“We used to cover like that,” said Yasmine Hassan, 15. “But when the time came for us to (change) we began to wear jeans.”
“(The dress) is a part of our culture, and we cannot forget,” said Shamso Sheikh, 18, who wears traditional Muslim garb after school and on weekends.
Hassan added: “We don’t leave our prayers, that is too important. But in our dress and some music, we like American.”
Lunch time at Sharples takes on the look and aura of a United Nations assembly as children speaking in myriad tongues jostle each other for a place in line.
But once the students sit down, the lunchroom resembles a segregated restaurant. Mexican children take up two tables toward the back of the cafeteria. Somalians and Ethiopians, neighbors at home, sit at tables far apart. On the other side of the cafeteria near a side door, the Vietnamese take up a table or two while the Cambodians and Laotians eat near the entrance.
“It is easier this way because we are all Vietnamese,” said Xuan Thao Duong Nguyen, 17, as she and eight others welcomed a visitor to lunch with them.
In contrast, teachers make a deliberate attempt to seat youths of different races alongside one another in the classroom.
Many students said language barriers prevent them from mixing with other races. The Vietnamese students said that Russian sounded closest phonetically to their own language, and the African dialect and accents were hardest to understand.
But Sultan Mohamued, the instructor for Somalian and Ethiopian languages, said sometimes racism divides the students. Immigrant children soak up American culture through television and newspapers, which sometimes do not accurately portray people of color, he said.
Also,, students are sometimes warned by friends and family to avoid certain races because of fear of violence, Moore said. “We want them to unlearn stereotypes brought from their own country,” she said.
“There’s no harm in the students dividing themselves into cliques. However, these divisions can turn into hostilities and possibly violence – not always – but we know they do,” said Paul Burstein, a University of Washington sociology professor who has written on the subject of race.
School security officials say they are responding to more complaints of fights between racial groups, but say they don’t keep track of the incidents by race. At the same time, ethnic gang activity is increasing throughout the district, they said.
They point to rising Samoan and black gang activity in the southeastern portion of the city and West Seattle, and the Latino presence in the North End, Burien and Highland area.
“Students begin to look elsewhere for acceptance, and they turn to gangs,” Moore said.
Within ethnic and racial groups there are divisions. Some students from the former Soviet Union are adamant that they be known as Soviet Ukranians, separate from the Russians. Eritreans become incensed when attempts are made to identify them as Ethiopian because their native home was once part of Ethiopia.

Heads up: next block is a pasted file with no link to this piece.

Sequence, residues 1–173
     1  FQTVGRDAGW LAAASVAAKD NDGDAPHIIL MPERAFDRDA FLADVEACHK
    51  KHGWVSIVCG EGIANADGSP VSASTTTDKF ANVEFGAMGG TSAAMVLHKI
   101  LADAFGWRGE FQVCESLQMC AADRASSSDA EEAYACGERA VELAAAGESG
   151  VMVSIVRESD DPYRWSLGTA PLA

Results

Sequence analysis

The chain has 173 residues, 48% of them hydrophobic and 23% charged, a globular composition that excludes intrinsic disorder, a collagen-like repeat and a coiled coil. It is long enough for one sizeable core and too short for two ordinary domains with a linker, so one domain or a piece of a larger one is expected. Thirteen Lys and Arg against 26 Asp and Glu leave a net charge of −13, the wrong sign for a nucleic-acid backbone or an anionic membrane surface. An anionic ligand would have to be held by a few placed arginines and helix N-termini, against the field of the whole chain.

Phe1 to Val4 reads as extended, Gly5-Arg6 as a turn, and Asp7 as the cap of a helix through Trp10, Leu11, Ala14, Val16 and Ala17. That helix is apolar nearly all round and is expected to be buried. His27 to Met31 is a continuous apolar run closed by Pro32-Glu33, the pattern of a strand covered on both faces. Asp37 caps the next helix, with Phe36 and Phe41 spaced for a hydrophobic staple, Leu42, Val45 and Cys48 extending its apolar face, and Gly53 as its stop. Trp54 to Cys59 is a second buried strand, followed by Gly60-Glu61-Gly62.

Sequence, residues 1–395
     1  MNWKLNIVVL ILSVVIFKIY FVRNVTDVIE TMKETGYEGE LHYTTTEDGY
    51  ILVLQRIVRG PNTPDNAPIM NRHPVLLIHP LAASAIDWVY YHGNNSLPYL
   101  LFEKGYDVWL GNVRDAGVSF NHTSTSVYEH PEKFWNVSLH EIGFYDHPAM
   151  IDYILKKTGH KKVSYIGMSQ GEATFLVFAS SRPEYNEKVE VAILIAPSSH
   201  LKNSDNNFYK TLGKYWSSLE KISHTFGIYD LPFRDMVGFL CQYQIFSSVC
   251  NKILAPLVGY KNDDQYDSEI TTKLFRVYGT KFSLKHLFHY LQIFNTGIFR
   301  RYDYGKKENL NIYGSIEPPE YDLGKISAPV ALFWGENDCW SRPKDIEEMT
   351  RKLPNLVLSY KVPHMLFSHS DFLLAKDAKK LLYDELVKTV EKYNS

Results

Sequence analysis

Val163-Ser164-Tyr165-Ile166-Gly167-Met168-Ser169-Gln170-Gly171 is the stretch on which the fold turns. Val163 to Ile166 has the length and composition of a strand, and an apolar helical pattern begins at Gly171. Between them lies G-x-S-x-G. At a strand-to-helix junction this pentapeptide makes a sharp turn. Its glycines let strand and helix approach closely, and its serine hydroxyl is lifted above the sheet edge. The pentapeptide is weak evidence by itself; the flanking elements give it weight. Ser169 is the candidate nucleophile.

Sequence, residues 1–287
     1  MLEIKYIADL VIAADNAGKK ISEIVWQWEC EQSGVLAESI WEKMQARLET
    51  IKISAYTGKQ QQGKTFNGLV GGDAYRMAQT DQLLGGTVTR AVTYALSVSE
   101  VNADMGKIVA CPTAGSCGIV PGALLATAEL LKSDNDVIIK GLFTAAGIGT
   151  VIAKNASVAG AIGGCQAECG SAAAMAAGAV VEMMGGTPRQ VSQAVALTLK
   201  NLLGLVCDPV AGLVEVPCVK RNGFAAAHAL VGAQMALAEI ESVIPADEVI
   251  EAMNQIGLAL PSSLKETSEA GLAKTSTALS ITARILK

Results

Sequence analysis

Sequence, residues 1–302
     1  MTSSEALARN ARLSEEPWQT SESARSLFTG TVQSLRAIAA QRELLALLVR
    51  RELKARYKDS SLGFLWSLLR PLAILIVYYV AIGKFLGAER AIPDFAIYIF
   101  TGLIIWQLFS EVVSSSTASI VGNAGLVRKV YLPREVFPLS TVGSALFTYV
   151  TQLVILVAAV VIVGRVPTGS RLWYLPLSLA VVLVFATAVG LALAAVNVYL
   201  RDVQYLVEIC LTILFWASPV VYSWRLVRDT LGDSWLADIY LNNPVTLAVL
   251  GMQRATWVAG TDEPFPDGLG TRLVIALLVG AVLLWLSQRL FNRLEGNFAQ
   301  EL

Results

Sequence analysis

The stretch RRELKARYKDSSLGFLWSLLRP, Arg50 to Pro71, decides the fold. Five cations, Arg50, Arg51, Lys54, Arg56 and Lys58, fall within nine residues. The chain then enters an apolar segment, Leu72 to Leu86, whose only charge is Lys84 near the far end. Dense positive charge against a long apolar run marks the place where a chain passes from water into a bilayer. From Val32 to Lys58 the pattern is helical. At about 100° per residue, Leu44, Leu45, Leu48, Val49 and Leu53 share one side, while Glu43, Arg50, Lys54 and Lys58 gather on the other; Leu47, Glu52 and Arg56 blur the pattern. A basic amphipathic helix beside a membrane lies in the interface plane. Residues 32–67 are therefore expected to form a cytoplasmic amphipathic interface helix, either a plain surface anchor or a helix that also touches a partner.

And as tensions escalate between different groups at home – the breakup of Yugoslavia and Czechoslovakia, for example, – that tension makes its way here.
Al Sugiyama, vice president of the Seattle School Board, warns that educators must deal with intraracial conflict, especially among Asians where there is a clear difference between being American born and foreign born.
Some teachers say immigrant students are pushed into the regular classroom too early. Most students leave the bilingual program after one semester, about five months, although they continue to get special language assistance.
“How do you expect us to have students who are 13 years old functioning at the 8th-grade level in one semester when they came to us at pre-kindergarten levels,” head teacher Moore asks.
Kono, director of bilingual programs, said it would be impossible to extend the orientation period to a full year because Sharples is already too crowded, enrolling about 320 students when it has room for only 300.
Exceptions are made to extend a student’s stay at Sharples if school officials decide the student is unprepared for mainstream schooling.
But some experts believe students should be placed directly into the regular classroom, figuring students learn best when immersed in the new culture.
Still others want bilingual curricula that teach limited-English students in their native language and English simultaneously. These advocates say current teaching methods patronize students advanced academically in their own language but find it difficult to progress in English.
“The curriculum is often remedial,” said Deborah Perluss, an attorney with Evergreen Legal Services. “Kids should develop reading and language proficiency in their own language so they are not constantly playing catch-up.”
Evergreen is negotiating with the district to expand its bilingual education program.
Jose Juan Ledesma, 19, attended Sharples after arriving here from Mexico 21/2 years ago. The Ingraham senior said teachers there did not try to find out his individual academic needs.
The budget for bilingual education has not kept pace with the rapid immigrant growth, Kono said. It would be impossible for the district to create curricula in tune with a student’s previous schooling and also hire enough instructors to teach it, he said.